Monday, August 24, 2015

Magic Shifts (Kate Daniels #8) by Ilona Andrews

Kate has now magically claimed the city of Atlanta – in direct opposition to her father, Nimrod, the Builder of Towers. She and Curran, the former Beast Lord of Atlanta, have also left the Pack and are trying to build a new life and home in the suburbs. It’s a lot of changes to get used to.

And they have no time to get used to it  - not with an ancient and powerful being awakening in the city, one that may be immune to Kate’s magic and whose power is growing after every terrifying event

And Curran has a project – the Mercenary’s Guild is falling apart and he is determined to get it back in shape. Whether they want it or not.

This is my happy book face.

It’s a combination of sheer glee that I got to read a book this awesome, utter depression that it is now over and an undercurrent of exhaustion because I was up all night and nothing short of heavy weapons would make me put this book down. That is my happy book face

I actually pick up a new Kate Daniels book with a little bit of trepidation because I expect this to be the one to disappoint me – my expectations for this series are so high that eventually I will slam into a huge wall of disappointment

I thought this book would be that wall, after all, so much changed in the last book: They’ve left the Pack, Kate has established herself much more as a power, everyone knows who she is and Roland – that big mysterious bad who has overshadowed the whole series, has become directly involved rather than some shadowy, potential evil. That’s a lot of changes.

Thankfully all of those changes worked so well and made me take back a lot of my misgivings. I was, originally, little irritated by Kate and Curran leaving the Pack; but here we see not just Kate leaving the Pack to protect them but Curran underlining that he also left the Pack because the Pack failed him. This is something that has developed over the series in a wonderfully subtle way – both Kate and Curran, while fighting for others and epicly sacrificing for others, have also established that it’s ok to make room for yourself, to demand your own happiness. Kate has grown to let people into her life, to love Curran and her friends, even though it puts them at risk from Roland and goes against everything her surrogate father taught her. And here we see Curran turn to the Pack - the Pack he has worked for, sacrificed for, battled for and risked everything for – and say “you failed me”. Curran has turned round and said that, yes, he deserves better than how the Pack treated him and Kate – and he walked away. No ridiculous over-the-top-martyrdom we see so often in the genre (though they do risk and sacrifice a lot), but firmly saying “no, there’s a limit. I did all this for you, I deserve better than this.” Curran and Kate’s walking away was not just about protecting the Pack but about asserting their own worth and value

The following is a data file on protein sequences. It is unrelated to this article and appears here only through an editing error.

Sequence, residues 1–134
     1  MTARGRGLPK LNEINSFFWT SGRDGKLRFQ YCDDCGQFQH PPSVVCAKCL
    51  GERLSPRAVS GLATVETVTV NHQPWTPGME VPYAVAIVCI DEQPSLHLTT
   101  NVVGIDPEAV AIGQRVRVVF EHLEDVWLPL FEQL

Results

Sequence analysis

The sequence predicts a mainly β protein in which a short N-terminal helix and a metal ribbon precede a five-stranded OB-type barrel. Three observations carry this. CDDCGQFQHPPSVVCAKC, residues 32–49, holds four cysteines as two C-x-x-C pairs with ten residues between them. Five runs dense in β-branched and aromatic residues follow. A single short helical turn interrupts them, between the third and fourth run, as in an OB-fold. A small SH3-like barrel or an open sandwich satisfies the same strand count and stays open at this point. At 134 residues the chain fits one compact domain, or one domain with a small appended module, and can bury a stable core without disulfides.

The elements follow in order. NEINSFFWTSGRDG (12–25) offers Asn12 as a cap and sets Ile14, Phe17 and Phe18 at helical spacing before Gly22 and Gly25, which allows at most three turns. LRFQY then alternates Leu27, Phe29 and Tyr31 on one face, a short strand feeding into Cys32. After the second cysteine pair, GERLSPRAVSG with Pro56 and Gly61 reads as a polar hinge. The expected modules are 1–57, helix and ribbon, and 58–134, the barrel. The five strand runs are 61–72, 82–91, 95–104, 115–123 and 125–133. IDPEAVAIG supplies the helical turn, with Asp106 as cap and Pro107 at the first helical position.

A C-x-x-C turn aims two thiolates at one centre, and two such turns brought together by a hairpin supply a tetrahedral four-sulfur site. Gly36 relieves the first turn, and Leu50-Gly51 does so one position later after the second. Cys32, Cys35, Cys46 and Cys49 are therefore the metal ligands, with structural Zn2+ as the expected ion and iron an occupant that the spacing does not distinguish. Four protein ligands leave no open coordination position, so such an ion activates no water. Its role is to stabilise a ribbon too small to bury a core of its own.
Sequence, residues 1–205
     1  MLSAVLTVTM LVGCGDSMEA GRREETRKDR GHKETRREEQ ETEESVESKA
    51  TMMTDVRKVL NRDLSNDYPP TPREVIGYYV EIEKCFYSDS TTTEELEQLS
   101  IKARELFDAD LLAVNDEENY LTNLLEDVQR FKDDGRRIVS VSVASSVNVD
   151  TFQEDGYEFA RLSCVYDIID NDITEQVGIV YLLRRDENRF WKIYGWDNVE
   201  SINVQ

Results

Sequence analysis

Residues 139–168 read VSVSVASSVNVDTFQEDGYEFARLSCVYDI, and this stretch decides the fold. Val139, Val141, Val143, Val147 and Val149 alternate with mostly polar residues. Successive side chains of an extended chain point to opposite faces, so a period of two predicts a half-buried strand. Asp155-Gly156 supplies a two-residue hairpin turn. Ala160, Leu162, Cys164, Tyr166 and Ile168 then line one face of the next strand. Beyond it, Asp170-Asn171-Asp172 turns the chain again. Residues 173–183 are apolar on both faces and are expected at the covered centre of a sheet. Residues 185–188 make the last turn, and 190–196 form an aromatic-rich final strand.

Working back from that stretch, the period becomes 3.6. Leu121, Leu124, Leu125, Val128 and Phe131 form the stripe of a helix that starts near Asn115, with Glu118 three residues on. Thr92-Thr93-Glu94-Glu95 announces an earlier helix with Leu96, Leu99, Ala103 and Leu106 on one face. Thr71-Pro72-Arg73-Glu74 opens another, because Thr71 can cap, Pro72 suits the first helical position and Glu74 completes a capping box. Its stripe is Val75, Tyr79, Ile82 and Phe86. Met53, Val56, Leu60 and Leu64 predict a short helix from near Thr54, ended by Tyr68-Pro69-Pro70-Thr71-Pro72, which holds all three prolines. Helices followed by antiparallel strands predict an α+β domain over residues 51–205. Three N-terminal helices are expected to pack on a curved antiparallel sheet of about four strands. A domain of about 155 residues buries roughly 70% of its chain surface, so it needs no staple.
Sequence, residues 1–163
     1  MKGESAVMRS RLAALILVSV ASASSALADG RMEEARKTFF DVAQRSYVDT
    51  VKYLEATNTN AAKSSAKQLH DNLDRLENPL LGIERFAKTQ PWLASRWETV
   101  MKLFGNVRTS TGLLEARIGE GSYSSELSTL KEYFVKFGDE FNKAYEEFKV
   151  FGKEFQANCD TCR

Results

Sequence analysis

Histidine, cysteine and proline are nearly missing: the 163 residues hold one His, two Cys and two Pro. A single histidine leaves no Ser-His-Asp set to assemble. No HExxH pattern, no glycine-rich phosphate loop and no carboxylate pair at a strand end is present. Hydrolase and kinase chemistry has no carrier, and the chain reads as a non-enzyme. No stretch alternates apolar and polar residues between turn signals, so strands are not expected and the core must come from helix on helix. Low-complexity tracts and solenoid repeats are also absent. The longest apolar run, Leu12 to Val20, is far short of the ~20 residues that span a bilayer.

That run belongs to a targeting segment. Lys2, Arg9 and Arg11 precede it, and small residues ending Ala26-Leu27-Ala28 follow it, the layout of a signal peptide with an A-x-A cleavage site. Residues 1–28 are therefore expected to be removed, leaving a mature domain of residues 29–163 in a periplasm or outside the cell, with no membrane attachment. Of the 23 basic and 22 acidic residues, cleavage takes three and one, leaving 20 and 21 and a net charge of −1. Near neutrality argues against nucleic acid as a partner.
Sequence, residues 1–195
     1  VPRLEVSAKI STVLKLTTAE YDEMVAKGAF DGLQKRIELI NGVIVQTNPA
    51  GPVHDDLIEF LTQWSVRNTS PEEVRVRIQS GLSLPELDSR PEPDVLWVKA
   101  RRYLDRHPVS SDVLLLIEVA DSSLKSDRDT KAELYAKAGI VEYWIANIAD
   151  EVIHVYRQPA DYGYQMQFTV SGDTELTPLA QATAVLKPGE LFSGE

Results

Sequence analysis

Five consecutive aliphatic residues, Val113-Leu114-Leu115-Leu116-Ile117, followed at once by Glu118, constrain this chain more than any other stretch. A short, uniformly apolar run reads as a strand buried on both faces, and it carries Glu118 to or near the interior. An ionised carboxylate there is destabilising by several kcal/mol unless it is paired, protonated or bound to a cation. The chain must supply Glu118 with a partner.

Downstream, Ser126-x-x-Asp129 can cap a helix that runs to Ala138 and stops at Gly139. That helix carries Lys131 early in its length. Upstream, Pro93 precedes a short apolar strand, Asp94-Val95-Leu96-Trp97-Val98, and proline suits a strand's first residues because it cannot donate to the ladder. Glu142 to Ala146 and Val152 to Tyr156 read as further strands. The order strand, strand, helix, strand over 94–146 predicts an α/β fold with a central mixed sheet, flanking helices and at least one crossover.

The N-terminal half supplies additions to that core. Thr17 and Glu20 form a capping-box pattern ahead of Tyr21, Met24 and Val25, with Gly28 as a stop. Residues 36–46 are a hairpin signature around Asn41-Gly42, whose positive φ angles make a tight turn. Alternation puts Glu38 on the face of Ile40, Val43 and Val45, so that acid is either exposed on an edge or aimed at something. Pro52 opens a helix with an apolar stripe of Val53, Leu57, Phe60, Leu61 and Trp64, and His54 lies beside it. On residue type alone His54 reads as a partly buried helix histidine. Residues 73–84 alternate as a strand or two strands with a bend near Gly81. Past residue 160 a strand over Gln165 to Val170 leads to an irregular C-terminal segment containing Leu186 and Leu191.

I love that. And I love that this excellent point was also rolled into an epic and awesome callout of Mahon – a paternal/mentor figure of Curran. For a long time he has been there, an awkward but powerful force in the Pack and it was epic to see this character dragged out on the carpet for his stubborn arrogance, sexism and blatant manipulation of Curran and his daughter George. I love this because we’re clearly still supposed to respect Mahon – but even characters we like and respect can be terribly, epicly wrong, have terrible ideas and behave in ways that are beyond unacceptable – and need calling out for that. It was glorious. It was awesome. Curran was awesome during it – and so was George, Mahon’s daughter who is certainly not standing for his bullshit.

Points especially to George and her beyond epic skewering of the parental guilt trips used to control and manipulate their children

And I’ve just written several paragraphs about how much I loved one relatively small aspect of this book.

I have praised the amazing world building of this series with every book – and though it seems redundant to repeat it with every book – I still have to do so. It is amazingly original and really well thought out and layered – how the magic and tech switch back and forth, the way magic has destroyed buildings, the organisations and industries that arose after the Shift all worked out with incredible detail. It’s not just the concept – it’s how it’s developed, detailed and made rich and real by considering all the potential ramifications of this world, magic and dystopia. It’s an excellent world

But not only are the creative aspects of the world amazing – there’s also a lot of research that goes into these books. Here we have a lot of Middle Eastern mythology being invoked and I think there’s been a huge amount of research into the subject before writing this book (including ghouls – which is a common problem with Urban Fantasy – taking ghouls as random cannibal monsters with no nod to the origin of the ghoul mythology). Coupled with the really detailed world building it makes this one of the best settings I’ve come across. I can’t stress enough how much I love it.